I said that way back on September 17, 2013 and yet I think it is even more true today than even back then.
When I was in the classroom, I felt isolated as a teacher. Teaching middle school math and science my first few years out of college I had ideas as to what I wanted to do but I really needed help. I would reach out to my colleagues but many were apprehensive to give away their secrets. They wanted their kids to be the best using the methods they had developed over the years. All I wanted to do was improve and I felt stuck.
We live in an age where we have near real time access to just about anything you want to know and to the people who know it best. Social media allows us to connect, to learn, to grow and to reflect not only within ourselves but with each other. As just as my quote says we are brilliant together.
Recently, on a webinar with my friend Erin Olson, she talked about an activity she does with teachers. She has them write 3 things they need to improve their learning and 3 things they can give to improve the learning of others. As you could guess it’s easy for them to write the 3 things they need. However, when asked about the 3 things to give many struggle to come up with one. Many educators still believe they have little to offer to improve the learning of their colleagues.
All of us have something to offer. An incredible lesson or teaching method that just worked. Or maybe it was an idea that was born out of a struggle to get kids to better understand their content. All of us have had those wins that could help others win too. Being a connected educator is more than just taking ideas from a Twitter chat or even this blog post. It’s about always being in pursuit of that selfish goal of improving our learning so we can improve learning for kids.
Our personal learning networks are all different. Mine looks different from yours and yours from mine. But that is where the beauty lies. Each of us has something different to learn and different to offer. They are going to naturally look different. And they are a constant work in progress. We don’t just decide to have a personal learning network and we find some folks to follow and we are done. Connected educators constantly have to be chasing down the learning they need and the educators who know it best.
4 Ways To Grow Your Personal Learning Network This Week
Edweb-Most know Edweb for their awesome webinars (like this one this week on school culture.) But what many don’t know are the extensive communities that come with those webinars. In those communities there are blogs, messages boards and tons of people to follow and learn from. And you don’t have to feel like you have to visit all the time. At the end of the day you can get a simple email that tells you all that was discussed and upcoming events. You can participate at your pace. The Leadership 3.0, Early Childhood Learning Solutions, Game-Based Learning and Amazing Resources For Educators. Come for the webinars, stay for the conversations!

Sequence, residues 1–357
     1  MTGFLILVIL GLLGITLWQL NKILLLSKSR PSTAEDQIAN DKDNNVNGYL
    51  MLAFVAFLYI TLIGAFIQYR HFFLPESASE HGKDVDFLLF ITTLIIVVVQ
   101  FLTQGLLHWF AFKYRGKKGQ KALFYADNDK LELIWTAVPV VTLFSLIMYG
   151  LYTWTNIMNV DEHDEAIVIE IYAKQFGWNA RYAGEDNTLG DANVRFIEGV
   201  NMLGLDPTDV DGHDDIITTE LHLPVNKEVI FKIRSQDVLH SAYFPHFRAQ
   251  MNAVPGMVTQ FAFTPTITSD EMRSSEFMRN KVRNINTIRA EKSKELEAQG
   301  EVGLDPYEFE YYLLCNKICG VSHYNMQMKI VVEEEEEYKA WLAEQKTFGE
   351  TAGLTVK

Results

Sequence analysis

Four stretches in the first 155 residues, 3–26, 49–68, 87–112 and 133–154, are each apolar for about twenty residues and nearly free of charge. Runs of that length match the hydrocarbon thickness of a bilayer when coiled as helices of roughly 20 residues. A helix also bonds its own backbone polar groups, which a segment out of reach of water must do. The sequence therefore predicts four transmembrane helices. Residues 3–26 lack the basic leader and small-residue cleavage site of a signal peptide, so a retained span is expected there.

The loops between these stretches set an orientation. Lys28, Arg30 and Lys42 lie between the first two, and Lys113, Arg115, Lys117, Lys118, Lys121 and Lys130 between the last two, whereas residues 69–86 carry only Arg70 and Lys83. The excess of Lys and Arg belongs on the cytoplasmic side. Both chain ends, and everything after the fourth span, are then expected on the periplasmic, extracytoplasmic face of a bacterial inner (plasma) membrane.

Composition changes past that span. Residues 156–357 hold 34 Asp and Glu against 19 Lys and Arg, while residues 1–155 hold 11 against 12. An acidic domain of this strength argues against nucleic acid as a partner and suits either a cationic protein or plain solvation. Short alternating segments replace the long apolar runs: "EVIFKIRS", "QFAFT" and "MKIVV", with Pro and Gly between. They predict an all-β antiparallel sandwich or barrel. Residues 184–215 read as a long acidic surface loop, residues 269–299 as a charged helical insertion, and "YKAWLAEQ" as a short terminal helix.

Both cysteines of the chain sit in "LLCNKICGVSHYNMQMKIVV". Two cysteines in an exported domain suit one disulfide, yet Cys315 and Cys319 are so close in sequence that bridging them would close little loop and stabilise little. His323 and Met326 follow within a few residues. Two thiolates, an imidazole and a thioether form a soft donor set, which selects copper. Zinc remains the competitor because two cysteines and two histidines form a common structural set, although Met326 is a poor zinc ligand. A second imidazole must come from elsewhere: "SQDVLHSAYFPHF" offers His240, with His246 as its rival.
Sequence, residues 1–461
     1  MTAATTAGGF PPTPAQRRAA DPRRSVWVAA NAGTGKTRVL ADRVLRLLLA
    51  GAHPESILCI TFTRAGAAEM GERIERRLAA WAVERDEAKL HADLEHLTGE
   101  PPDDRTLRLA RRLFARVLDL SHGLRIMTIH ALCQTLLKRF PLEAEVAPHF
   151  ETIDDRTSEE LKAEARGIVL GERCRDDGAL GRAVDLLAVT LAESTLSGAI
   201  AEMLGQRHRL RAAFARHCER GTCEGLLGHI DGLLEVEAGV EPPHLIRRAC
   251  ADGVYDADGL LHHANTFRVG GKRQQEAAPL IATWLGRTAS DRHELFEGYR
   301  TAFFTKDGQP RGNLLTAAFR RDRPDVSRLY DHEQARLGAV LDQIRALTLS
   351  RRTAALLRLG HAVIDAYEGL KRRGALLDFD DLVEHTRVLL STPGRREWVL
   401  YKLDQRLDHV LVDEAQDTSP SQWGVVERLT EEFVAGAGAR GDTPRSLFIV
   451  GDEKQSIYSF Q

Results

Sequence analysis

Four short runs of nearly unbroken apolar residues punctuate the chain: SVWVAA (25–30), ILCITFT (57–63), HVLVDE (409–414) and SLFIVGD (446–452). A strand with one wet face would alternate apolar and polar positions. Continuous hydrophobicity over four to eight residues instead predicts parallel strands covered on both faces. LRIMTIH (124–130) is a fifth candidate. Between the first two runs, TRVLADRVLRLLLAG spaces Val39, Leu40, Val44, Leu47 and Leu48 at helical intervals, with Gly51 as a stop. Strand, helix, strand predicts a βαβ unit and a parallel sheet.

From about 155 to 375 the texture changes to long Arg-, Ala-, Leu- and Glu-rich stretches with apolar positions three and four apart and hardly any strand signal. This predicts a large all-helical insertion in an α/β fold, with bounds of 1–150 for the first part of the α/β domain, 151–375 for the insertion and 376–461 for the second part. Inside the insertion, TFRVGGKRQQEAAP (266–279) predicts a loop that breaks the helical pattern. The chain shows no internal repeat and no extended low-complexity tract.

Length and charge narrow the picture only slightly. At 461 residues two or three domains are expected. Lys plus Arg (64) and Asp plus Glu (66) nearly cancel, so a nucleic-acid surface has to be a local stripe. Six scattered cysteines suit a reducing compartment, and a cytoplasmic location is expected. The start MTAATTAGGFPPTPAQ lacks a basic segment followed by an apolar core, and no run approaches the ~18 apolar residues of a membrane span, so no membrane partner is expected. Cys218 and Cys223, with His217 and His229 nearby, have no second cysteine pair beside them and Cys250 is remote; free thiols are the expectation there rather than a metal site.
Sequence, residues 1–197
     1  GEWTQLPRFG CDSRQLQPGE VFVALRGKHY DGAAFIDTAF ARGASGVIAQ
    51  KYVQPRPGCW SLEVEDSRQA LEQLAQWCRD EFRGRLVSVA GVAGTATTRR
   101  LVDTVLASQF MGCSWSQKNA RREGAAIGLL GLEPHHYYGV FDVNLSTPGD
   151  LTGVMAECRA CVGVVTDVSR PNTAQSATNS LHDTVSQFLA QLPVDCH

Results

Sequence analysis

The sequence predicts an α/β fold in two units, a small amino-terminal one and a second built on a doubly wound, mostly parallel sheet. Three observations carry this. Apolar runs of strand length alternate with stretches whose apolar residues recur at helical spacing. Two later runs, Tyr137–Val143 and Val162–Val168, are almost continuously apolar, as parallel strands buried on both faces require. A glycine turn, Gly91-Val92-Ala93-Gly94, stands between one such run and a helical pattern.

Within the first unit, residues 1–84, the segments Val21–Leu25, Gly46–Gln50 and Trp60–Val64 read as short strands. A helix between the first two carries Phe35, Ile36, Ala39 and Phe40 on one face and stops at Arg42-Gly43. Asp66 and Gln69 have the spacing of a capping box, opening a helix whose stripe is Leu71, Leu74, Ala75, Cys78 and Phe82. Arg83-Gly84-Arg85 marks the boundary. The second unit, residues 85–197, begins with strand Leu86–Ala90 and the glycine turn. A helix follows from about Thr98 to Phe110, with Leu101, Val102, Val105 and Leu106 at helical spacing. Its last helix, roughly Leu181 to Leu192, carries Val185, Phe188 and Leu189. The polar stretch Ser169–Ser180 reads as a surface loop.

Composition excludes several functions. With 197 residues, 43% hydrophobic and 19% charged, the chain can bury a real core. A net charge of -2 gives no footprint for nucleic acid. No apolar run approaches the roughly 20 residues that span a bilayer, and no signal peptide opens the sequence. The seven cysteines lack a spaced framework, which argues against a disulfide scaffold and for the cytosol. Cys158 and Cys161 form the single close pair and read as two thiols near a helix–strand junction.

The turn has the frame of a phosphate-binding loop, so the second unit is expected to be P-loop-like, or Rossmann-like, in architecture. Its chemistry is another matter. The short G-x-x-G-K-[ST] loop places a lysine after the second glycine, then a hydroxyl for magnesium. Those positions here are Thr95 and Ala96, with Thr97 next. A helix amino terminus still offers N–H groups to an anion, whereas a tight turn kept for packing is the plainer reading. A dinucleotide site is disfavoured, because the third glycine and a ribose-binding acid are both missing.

ASCD Edge-The ASCD Edge community is full of some of the brightest minds in education sharing blogs, having discussions and posting resources. You don’t have to be a member of ASCD (although you should be) to join. Create a free account and browse the hundreds of groups, and insightful blogs. The groups cover topics like Being A New Teacher, Mobile Learning, Problem Based Learning and more. And if you don’t find a group that suits your learning needs you can request a new one created for you.
Google Communities-Often overlooked, Google Communities can be a great place to connect with others on loads of topics. Of course they have many Google related like the Google Classroom community. But there are several other active ones like Connected Classroom, PBL, and Digital Leadership.
Voxer-This one will surprise many, because I am not a Voxer fan. I have used it sparingly and honestly don’t know if I even have the app on my phone any more. For me Voxer doesn’t work. For others it may be the best thing ever. Voxer is a 2-way, walkie-talkie type app. Think of it like leaving a voicemail for someone without calling. You can create small groups and leave longer voice messages or text. The app is free and many educators use them for book talks, reflection, or to, believe it or not deliver professional development. This is a very comprehensive list of ongoing Voxer conversations that you can jump into.
If you are looking for more ways to grow your PLN, Shaelynn Farnsworth and I recently wrote a blog post about why it’s important to be connected, and you can check our our resources we shared recently at ASCD.
It’s important to point out here that the tool is just the means we use to connect. It’s what we do with those connections that really matters. The art of being connected is in the conversations, the discussions, the debates, the learning, sharing and growing that all take place when we connect to each other.
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